The otolaryngology (ORL) boot camp was designed to onboard ORL residents through a curriculum focusing on their needs as novice otolaryngologists. This boot camp provided systematic, specialty-wide training in core elements of knowledge, procedural skills, professionalism, supervision, and communications for residents entering ORL. The present study aimed to assess the effectiveness of an ORL resident induction “boot camp” in the Kingdom of Saudi Arabia.
This was a cross-sectional (multicenter) study encompassing data collection through an online voluntary questionnaire. Participants were new ORL residents in the Saudi residency training program.
Fifty responses were returned, with a completion rate of 88%. Sixty-four percent of the respondents were male. Most of the respondents were aged from 26 to 27 years. Respondents were from different cities. Most participants agreed that the scientific value of the course was beneficial (agree, 40%; strongly agree, 44%) and they felt better prepared for their residency training after this boot camp (agree, 44%; strongly agree, 28%).
Boot camp in ORL is an additional important activity during the early years of training. It provides significant effects in terms of knowledge readiness at the beginning of specialty training. We believe that boot camp should include other dimensions of training, including surgical, communication, and judgmental skills, not only for the early years of training but also during the remaining period until training completion.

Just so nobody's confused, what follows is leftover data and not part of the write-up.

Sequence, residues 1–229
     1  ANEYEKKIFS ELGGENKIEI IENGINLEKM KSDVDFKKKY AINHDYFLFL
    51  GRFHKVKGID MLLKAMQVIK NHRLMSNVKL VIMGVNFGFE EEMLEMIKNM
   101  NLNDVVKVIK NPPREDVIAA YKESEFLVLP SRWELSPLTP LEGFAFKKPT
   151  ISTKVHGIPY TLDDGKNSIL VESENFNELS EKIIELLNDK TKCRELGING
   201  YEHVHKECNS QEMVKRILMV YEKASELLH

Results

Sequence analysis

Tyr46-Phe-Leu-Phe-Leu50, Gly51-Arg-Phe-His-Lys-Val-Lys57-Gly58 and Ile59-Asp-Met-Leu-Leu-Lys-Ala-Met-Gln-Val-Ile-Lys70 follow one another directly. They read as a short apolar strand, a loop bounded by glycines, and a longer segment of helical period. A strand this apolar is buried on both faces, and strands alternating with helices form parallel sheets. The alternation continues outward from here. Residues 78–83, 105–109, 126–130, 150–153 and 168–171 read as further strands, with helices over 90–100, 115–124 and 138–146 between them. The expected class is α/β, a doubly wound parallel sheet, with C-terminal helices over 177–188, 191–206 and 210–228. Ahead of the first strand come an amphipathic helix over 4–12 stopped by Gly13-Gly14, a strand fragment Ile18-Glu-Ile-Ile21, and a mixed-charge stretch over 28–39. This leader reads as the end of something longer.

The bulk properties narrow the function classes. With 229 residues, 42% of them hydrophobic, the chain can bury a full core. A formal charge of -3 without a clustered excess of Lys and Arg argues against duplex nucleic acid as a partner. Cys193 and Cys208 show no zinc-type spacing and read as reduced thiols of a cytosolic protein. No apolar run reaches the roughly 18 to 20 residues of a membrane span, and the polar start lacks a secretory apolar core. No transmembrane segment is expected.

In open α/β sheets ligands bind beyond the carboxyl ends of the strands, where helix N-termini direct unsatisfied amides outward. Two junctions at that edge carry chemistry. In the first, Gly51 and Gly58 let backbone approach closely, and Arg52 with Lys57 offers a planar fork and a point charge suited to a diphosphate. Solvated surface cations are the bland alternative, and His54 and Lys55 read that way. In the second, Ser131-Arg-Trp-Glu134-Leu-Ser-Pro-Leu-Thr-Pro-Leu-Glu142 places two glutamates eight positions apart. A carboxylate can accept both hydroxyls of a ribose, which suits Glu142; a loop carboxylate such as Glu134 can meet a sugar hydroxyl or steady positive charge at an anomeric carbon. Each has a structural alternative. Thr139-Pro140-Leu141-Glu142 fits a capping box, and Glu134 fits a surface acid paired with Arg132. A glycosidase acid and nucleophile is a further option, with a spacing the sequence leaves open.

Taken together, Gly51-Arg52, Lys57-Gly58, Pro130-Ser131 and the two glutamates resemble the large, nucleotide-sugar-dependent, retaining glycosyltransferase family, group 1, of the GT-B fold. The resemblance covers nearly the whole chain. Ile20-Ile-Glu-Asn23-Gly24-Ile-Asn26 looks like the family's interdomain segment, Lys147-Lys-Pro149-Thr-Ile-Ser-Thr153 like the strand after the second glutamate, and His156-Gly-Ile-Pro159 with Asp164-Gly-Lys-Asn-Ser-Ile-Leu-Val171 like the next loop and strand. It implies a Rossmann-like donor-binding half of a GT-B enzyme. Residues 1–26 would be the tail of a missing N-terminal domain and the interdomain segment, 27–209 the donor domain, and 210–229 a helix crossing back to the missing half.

The assessment, evaluation, and therapeutic intervention for patients with otolaryngology (ORL) diseases require specialized education, training, and skillsets, which are usually not inculcated during undergraduate medical education. ORL emergencies can be life-threatening and warrant a thorough, systematic, multidisciplinary, and exigent management and therapeutic intervention. As the traditional method of ORL education advances continuously, simulation-based boot camps are being more adopted to accelerate the learning process for new residents and minimizing harm to the patients.[1–4]
The ORL boot camps have been developed to meet the growing needs of junior residents.[4,5] An abundance of technological developments and increasing professional and social expectations have led to a major shift in medical education. Factors including restrictions on resident work hours, financial influences of surgical productivity, and ethical and medico-legal issues have a significant impact on surgical training. Residents currently have limited time to gain an efficient amount of ORL skills and knowledge, and the traditional surgical training environments and tools might be not sufficient. Simulation-based training is an effective and feasible way to provide resources and strategies to succeed in dealing with many of the aforementioned limitations. To ensure that trainees are competent enough to progress in training requires developing reliable and valid assessment tools (e.g., direct observation, frequent formative feedback, participant self-directed assessment).[7,8]
Simulation-based medical education is considered to be of higher impact than traditional clinical education in achieving clinical skills. This mode of training in the early stages of residency has the potential for boosting residents' self-assessments of competency, confidence, and stress hardiness in dealing with emergencies.[10–14]